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Cavalia boring? Neigh!!! 

Somewhere between 8:35 and 8:40 p.m., I stole a glance at my watch on press night at Cavalia, the show from Montreal that does for horses what Cirque du Soleil did for circuses. I wasn't checking the time because I was bored. No, I wanted to give you an idea of how deeply we get into the show before we see a horse with either a bridle or a rider. Until then, they roam freely across wide stage -- about half the size of a football field -- untouched and, for long stretches, unaccompanied by humans.

We had gotten a taste of this free-range motif in a 45-minute press preview when, one after another, five horses pranced into a gorgeously sylvan scene, devised by visual conceptor Érick Villeneuve and projected on 70-yard widescreen that embraces the stage. They continued roaming and frolicking together, in a segment called "La Liberté," to the appropriately primeval music composed by Michel Cusson, before their beautiful trainer, Sylvia Zerbini, joined them from the wings and coaxed them into their more coordinated paces.

As it turned out, the segments we saw were the three that climax the action prior to intermission and the final three of Act 2. The free-range action of "Liberté" was seemingly pigeonholed between the customary interaction between horses, riders, and acrobats. So it was not only surprising to see how much more central the freely roaming steeds and stallions are to the thin overall story line, it also gave me a chance to notice how much more ideally matched the action of Cavalia is to the New Age musical idiom than the animation-inspired harlequinade of Cirque du Soleil.

What could be more graphically New Age than "La Découverte," where the diaphanous Marianella Michaud -- an enchanting vision for man or beast -- frolics in a little pool that magically materializes in the middle of the wide sands and entices Tunante, a lovely grey Spanish pure breed gelding, to join her in the water? It was like seeing that ancient demigoddess, the White Rock Girl, reborn and making music videos.

All of the costuming is carefully calculated to sustain the primordial spell, from the elegance of medieval gowns and monastic robes to the garb of the American prairie, cowpokes and Indians. In conceiving Cavalia, Normand Latourelle, who co-founded Cirque du Soleil, discarded the painted faces even in the stray touches of humor that dapple this independent production, favoring the idiom of the rodeo clown.

Most spectacular are the segments where riders, horses, aerialists, uptempo music, and spectacular video excitingly intermix on the superwide stage. In Act 1, that climax is "La Vida" with riders Julien Beaugnon and James Buchanan -- plus Michaud returning to take wing with fellow aerialist Marie-Élaine Mongeau. That same basic core team, with Mathieu Bianchi replacing Beaugnon, returns for the Act 2 extravaganza, "Bungees Cavaliers." Lest you think the animals are overworked, Tardon and Hades, the two horses of "La Vida," are replaced by Penultimo and Igor. Joining them in the spectacle are cellist Olivier Caron and vocalist Mary Pier Guilbault, but the more memorable overlays are the falling snow and the dreamy blue lighting, deepening the poetic beauty and circling us back to the New Age feel of the opening segments.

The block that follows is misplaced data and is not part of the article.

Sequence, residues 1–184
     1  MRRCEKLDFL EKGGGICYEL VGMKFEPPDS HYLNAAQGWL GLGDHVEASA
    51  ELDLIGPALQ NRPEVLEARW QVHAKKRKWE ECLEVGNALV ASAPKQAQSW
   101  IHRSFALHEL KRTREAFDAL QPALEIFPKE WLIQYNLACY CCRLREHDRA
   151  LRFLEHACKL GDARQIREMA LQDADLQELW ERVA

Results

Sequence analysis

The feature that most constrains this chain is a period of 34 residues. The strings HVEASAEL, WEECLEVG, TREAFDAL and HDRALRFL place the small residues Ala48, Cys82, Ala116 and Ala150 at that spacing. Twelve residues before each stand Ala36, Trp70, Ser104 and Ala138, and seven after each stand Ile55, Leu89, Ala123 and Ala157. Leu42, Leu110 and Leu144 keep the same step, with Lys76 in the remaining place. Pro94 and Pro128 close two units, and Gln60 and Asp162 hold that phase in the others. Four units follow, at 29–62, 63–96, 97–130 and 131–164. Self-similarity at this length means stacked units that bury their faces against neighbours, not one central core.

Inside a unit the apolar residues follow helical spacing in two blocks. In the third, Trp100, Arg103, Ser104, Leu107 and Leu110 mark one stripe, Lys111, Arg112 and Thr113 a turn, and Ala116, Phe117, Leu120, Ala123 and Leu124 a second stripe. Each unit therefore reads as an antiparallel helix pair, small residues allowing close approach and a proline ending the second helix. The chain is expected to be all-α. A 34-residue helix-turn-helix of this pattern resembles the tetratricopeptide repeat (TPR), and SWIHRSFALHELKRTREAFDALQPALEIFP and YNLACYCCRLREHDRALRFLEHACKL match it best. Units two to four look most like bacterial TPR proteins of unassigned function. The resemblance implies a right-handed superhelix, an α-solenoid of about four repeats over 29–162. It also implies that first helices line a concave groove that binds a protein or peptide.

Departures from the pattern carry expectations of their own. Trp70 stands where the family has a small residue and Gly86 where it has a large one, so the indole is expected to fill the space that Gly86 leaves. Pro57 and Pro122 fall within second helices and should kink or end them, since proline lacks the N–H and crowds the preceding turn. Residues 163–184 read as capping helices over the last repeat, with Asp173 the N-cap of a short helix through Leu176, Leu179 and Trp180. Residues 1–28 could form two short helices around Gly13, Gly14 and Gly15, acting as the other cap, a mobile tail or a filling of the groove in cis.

Or we can say that it hearkens back to Zerbini and "La Liberté," which charms us two segments beforehand. For the public, Zerbini commands eight horses instead of the five she displayed for the press corps, making the group slightly less picturesque and her gentle discipline more difficult to impose -- with results that are dramatically unpredictable. A couple of the horses took to rolling in the sand on Tuesday, behavior unseen at the preview, and one of the horses was perpetually a tad out-of-step with his fellows.

If you've been to a Cirque du Soleil tent city, expect the same luxury levels at the concessions and at the lavatories. Horse lovers like my wife Sue will feel like they've arrived in Paradise -- or the Holy Temple -- especially if they splurge on the Cavalia "Horse Lover" ticket package, which seats you in the front rows during the show and gives you access to the stables afterwards. The "Rendez-Vous" package piles on additional blandishments, including pre-show hors-d'oeuvres, intermission desserts, an open bar, a gift, and more.

You don't get to enter the Stable of Stables immediately, because the 62 animals that await must be properly settled down and groomed. In the meanwhile, there's a brief extra show featuring training sessions where performing horses of the future go through their routines in front of a live audience. On press night, this built up to Charles-Étienne Ménard replicating the delights of "Liberté Play" -- with an unnamed horse replacing Xadrez. There was not a single misstep as the neophyte performer gleamed a shiny copper in the spotlight, all the way to the horse's final bow.

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